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The sum of all the chemical processes in the body involved in creating and using energy to carry out vital functions such as digestion, growth, breathing, temperature regulation, and elimination of bodily wastes.

Basal metabolic rate (BMR), which is defined as the number of calories the body uses at rest to carry out life-sustaining processes, accounts for anywhere between 50% and 75% of daily caloric expenditure. It is influenced by a number of factors, including age, sex, muscle mass, and hormone levels. Thyroid hormones play a particularly important role in determining BMR by regulating oxygen consumption and heat production in most areas of the body.

Total metabolic rate (TMR), the rate at which calories are used to fuel all ongoing activities, is also influenced by a number of variables, but physical activity is the main one. Exercise raises the rate at which calories are burned both during the activity and for several hours afterward. When performed regularly, physical activity can even result in an increased BMR.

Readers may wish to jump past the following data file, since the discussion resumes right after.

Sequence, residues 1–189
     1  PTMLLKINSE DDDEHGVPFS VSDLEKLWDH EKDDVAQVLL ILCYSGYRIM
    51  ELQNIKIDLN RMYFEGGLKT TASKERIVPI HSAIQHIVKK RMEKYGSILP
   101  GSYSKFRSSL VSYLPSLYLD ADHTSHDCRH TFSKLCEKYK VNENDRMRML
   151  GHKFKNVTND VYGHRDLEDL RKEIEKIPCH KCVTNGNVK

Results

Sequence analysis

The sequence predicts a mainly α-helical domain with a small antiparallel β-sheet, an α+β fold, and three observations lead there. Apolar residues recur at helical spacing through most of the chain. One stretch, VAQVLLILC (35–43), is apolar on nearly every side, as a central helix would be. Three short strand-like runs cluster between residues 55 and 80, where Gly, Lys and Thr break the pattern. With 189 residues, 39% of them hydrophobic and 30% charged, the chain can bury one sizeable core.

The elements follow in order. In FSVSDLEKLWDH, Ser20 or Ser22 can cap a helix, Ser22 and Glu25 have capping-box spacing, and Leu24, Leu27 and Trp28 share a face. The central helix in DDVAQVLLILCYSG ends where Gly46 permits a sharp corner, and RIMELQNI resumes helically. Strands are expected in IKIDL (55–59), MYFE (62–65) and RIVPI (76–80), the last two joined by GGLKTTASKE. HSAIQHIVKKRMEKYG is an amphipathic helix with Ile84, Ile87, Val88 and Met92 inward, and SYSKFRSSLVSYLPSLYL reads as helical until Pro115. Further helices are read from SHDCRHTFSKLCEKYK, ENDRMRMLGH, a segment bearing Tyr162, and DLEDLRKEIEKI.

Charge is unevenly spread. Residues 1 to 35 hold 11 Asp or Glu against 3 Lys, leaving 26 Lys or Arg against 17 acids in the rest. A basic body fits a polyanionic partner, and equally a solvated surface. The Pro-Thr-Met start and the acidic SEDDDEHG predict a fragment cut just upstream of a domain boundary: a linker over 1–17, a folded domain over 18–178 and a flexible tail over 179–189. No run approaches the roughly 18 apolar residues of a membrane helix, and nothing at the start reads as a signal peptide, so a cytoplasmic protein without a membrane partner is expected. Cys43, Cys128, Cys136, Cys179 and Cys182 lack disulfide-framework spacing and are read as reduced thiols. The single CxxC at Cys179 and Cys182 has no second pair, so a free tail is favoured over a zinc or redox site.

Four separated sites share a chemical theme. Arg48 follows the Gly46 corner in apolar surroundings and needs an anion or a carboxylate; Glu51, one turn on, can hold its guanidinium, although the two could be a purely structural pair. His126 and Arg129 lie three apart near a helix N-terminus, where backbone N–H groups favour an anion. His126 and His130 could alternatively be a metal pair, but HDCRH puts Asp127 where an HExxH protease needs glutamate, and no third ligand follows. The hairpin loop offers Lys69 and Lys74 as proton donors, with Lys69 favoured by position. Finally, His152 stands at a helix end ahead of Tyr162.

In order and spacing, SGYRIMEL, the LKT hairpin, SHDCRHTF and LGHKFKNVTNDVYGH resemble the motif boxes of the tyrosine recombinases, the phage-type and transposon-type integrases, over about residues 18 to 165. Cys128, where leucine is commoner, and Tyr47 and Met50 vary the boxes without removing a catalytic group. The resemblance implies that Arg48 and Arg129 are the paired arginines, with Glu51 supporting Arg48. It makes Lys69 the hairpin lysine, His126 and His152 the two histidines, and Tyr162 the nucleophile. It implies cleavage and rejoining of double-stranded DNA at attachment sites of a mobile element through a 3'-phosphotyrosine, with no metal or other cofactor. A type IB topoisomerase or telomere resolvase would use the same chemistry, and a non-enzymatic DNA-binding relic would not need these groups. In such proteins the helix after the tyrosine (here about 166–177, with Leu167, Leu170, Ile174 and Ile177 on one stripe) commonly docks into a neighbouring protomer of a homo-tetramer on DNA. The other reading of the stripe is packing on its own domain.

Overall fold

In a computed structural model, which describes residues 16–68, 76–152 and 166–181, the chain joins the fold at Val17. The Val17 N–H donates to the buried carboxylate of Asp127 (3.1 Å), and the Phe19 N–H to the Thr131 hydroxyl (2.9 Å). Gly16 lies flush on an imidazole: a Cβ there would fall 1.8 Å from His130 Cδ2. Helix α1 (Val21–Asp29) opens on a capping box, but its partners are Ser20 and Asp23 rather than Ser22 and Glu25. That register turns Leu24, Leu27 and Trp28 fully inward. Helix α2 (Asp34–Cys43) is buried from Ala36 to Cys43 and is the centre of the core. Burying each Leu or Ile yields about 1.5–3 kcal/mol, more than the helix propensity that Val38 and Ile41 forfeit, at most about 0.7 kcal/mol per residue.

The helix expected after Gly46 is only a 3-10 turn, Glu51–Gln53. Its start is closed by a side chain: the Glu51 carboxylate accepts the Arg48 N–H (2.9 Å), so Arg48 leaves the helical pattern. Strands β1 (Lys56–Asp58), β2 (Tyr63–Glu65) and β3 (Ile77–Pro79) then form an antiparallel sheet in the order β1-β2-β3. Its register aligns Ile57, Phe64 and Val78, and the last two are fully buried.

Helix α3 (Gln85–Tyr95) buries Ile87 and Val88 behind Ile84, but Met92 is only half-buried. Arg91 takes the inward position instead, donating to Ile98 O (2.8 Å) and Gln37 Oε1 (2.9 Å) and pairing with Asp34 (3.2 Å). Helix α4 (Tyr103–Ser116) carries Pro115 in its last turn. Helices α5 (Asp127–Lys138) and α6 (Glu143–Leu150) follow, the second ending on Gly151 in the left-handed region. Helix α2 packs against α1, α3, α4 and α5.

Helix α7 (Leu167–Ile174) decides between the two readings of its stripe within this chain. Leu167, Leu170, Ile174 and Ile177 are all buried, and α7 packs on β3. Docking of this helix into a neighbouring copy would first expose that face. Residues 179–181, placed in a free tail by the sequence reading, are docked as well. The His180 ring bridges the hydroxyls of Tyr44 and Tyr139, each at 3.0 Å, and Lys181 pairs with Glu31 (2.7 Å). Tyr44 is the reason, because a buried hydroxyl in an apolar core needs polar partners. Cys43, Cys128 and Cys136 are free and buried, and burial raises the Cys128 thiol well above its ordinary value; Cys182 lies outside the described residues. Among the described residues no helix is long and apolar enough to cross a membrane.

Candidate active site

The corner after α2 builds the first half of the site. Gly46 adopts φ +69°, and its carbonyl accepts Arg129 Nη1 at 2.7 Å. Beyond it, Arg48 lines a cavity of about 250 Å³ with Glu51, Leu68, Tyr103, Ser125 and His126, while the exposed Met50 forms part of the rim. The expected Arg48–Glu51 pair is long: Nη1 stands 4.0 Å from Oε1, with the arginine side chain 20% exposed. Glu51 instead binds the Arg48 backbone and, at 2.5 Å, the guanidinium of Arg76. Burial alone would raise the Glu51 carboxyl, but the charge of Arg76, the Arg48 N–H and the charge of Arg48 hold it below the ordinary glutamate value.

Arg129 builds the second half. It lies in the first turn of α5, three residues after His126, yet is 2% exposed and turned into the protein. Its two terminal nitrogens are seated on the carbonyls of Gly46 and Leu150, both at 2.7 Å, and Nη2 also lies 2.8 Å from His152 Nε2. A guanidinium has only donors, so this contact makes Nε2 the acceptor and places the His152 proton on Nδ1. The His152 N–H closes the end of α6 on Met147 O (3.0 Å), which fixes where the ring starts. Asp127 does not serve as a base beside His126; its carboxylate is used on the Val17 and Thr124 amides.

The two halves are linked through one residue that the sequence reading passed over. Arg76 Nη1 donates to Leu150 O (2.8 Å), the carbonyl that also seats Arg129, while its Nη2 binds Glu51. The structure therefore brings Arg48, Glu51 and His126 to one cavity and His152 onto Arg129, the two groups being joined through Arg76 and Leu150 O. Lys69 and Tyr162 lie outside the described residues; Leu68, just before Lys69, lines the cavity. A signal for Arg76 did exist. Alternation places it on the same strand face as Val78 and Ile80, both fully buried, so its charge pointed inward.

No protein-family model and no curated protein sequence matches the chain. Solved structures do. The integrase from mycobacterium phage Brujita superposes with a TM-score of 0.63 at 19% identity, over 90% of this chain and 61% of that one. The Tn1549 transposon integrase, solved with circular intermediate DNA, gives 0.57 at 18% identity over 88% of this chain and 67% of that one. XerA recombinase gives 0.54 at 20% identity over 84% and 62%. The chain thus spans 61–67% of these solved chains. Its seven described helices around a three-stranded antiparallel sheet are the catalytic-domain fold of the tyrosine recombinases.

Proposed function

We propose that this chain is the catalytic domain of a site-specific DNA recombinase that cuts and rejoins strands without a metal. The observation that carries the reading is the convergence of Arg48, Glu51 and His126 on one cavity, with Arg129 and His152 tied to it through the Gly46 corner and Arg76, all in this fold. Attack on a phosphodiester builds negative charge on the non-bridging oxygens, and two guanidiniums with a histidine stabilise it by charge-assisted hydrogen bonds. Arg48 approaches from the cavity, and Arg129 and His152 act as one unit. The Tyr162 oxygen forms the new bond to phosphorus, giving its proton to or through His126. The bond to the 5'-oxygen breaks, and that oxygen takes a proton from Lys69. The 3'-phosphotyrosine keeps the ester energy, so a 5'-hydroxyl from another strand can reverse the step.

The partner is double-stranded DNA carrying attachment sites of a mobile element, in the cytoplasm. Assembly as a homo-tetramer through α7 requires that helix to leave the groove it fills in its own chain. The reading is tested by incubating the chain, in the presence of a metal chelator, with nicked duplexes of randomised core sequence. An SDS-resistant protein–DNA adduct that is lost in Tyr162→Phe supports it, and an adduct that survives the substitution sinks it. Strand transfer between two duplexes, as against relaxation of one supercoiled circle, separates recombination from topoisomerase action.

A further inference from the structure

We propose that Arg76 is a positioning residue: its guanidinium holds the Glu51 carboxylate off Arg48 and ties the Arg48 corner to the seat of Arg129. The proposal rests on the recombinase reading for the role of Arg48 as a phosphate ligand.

Obesity and Type 2 diabetes are both considered metabolic disorders. Obesity, which is a risk factor for Type 2 diabetes, is generally defined as being 20% or more over one’s ideal body weight or having a body-mass index of 30 or higher. It involves having an abnormally high proportion of body fat. Obesity results from an imbalance between energy intake and energy expenditure. In Type 2 diabetes, disturbances in insulin function interfere with the metabolism of carbohydrate, affecting the way the body derives energy from food.

Obesity and Type 2 diabetes can often be prevented by decreasing energy consumption (eating less) and increasing energy expenditure (exercising more). Regular aerobic exercise not only uses energy but also helps the heart work more efficiently. Strength training can increase muscle mass and, therefore, metabolic rate. If you have yet to begin an exercise program, ask your health-care provider about the best way to get started.

Originally Published June 15, 2006

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